When Danielle and I were planning our journey from Japan to Belarus, Vladivostok was definitely the wildcard on our itinerary.
Despite its being the final (or first) stop on the ever so popular Trans Siberian Railway, I couldn’t find all that much information about things to do in Vladivostok, especially in the winter, and even my Russian friends responded with shrugs when I asked them about the city. So of course we decided to spend four nights in Vladivostok – the longest stay in any one city on our three week trip.
We knew allotting so much of our time to this mystery city was a risk, as we might end up bored and annoyed that we hadn’t given more time to Tokyo or Moscow instead, but we like risks. And we love random cities – the shorter the WikiTravel entry the better. Remember that time we took a 15-hour bus to Shymkent, the “Texas of Kazakhstan?”
It turns out Vladivostok is nothing like Shymkent. And thank goodness for that – I mean, remember that time we got bedbugs in Shymkent? The only thing we picked up in Vladivostok were a few new rolls around our tummies from all the amazing food, a few new friends, and a few hundred new photos on our SD cards.
Guys, I really, really loved Vladivostok. And that’s what I kept repeating as Danielle and I explored the city. I think she might have gotten a bit sick of hearing me profess my love for the city every twenty minutes, but there really was a lot to get excited about. And the locals seemed to agree.
We met up with several different people through Couchsurfing, all of whom had moved to Vladivostok from either other places in Russia or abroad. And they all confirmed what I had been suspecting since first stepping off the ferry from Japan: Vladivostok is the coolest city in Russia.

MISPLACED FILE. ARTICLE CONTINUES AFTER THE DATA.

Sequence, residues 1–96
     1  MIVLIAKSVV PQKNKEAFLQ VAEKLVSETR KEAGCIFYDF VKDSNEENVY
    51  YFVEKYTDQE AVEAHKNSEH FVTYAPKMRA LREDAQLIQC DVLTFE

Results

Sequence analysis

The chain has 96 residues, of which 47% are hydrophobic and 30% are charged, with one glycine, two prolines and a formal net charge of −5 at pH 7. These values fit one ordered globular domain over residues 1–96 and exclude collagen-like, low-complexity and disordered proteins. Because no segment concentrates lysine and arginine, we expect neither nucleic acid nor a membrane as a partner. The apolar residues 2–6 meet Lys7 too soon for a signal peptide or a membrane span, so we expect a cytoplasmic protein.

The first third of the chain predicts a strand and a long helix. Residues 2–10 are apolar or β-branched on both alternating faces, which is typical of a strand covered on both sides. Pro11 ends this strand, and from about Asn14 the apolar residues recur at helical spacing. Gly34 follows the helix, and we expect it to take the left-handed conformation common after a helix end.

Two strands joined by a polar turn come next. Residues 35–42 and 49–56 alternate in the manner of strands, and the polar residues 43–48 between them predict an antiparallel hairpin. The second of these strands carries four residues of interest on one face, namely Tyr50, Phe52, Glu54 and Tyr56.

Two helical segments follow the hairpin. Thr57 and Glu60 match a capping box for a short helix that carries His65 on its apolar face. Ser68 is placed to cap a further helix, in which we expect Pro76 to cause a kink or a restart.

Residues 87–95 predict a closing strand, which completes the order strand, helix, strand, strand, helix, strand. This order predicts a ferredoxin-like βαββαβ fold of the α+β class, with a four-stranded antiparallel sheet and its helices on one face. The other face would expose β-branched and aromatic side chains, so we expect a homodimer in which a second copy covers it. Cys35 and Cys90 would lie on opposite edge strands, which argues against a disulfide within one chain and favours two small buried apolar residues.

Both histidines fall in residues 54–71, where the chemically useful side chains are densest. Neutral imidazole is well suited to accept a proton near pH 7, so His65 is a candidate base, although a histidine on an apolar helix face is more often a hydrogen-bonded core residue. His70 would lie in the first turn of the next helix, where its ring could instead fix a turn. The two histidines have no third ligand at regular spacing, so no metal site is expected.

Okay, they might be a little biased, and I might have been feeling a little overexcited about being back in Russia, but I think we can at least all agree that there’s something special about Vladivostok.
Some said it was the way the city is surrounded by sea and mountains, making it a great place for nature lovers who need to work in a city. Others said that it was Vladivostok’s many hills, which are responsible for the city’s nickname, “The San Francisco of Russia.” While others told as that no, Vladivostok actually gets its nickname from the strong Asian influence here, where you can enjoy sushi better than any you’ll find in Japan, and choose among several North Korean restaurants for a more exotic meal.
Vladivostok also happens to be hugely popular amongst Koreans – or at least all the other tourists I saw seemed to be Korean. A big reason for this is simply that Vladivostok is a Russian city above East Asia. It gives visitors the feel of being in Europe without the long plane ride.
I also hadn’t realized that Vladivostok is not part of Siberia, but instead part of Russia’s Far East, which sounds far more romantic, don’t you think?
So what did we do in Vladivostok?
To be honest we did a lot of wandering, but there were a few things that stuck out as things I’d recommend any of my friends to do if they ever found themselves in Vladivostok.
Vladivostok Funicular and Observation Deck
Okay, I didn’t actually take the funicular up as it made more sense to get a bus from where I was staying instead, but regardless of how you get up there, you should definitely try to make it to the observation deck at the top of the funicular!
The receptionist at our hotel might have raised an eyebrow when we asked her how to get to the Sportivnaya Market (get bus 31, or any other bus with “Sportivnaya” in the window), but this market might just have been my favorite place in Vladivostok.